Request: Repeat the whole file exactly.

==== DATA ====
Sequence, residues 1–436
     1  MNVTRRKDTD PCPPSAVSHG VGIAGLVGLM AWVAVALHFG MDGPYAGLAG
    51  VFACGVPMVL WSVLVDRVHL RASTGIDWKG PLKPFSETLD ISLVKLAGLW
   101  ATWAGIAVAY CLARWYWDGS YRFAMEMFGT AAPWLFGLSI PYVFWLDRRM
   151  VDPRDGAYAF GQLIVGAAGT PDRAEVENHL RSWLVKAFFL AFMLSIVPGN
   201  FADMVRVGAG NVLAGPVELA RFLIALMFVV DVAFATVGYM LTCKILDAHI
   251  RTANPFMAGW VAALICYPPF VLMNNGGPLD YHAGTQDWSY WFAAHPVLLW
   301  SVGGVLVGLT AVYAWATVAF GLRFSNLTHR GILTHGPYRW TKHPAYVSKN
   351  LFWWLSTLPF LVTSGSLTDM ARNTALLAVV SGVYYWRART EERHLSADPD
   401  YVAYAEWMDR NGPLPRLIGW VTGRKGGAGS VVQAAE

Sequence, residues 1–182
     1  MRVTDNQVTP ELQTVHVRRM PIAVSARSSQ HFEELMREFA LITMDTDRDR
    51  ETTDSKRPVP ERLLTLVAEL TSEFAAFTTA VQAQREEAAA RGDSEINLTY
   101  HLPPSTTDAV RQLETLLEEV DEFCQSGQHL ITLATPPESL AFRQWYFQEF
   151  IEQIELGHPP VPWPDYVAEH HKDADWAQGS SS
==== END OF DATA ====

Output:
Sequence, residues 1–436
     1  MNVTRRKDTD PCPPSAVSHG VGIAGLVGLM AWVAVALHFG MDGPYAGLAG
    51  VFACGVPMVL WSVLVDRVHL RASTGIDWKG PLKPFSETLD ISLVKLAGLW
   101  ATWAGIAVAY CLARWYWDGS YRFAMEMFGT AAPWLFGLSI PYVFWLDRRM
   151  VDPRDGAYAF GQLIVGAAGT PDRAEVENHL RSWLVKAFFL AFMLSIVPGN
   201  FADMVRVGAG NVLAGPVELA RFLIALMFVV DVAFATVGYM LTCKILDAHI
   251  RTANPFMAGW VAALICYPPF VLMNNGGPLD YHAGTQDWSY WFAAHPVLLW
   301  SVGGVLVGLT AVYAWATVAF GLRFSNLTHR GILTHGPYRW TKHPAYVSKN
   351  LFWWLSTLPF LVTSGSLTDM ARNTALLAVV SGVYYWRART EERHLSADPD
   401  YVAYAEWMDR NGPLPRLIGW VTGRKGGAGS VVQAAE

Sequence, residues 1–182
     1  MRVTDNQVTP ELQTVHVRRM PIAVSARSSQ HFEELMREFA LITMDTDRDR
    51  ETTDSKRPVP ERLLTLVAEL TSEFAAFTTA VQAQREEAAA RGDSEINLTY
   101  HLPPSTTDAV RQLETLLEEV DEFCQSGQHL ITLATPPESL AFRQWYFQEF
   151  IEQIELGHPP VPWPDYVAEH HKDADWAQGS SS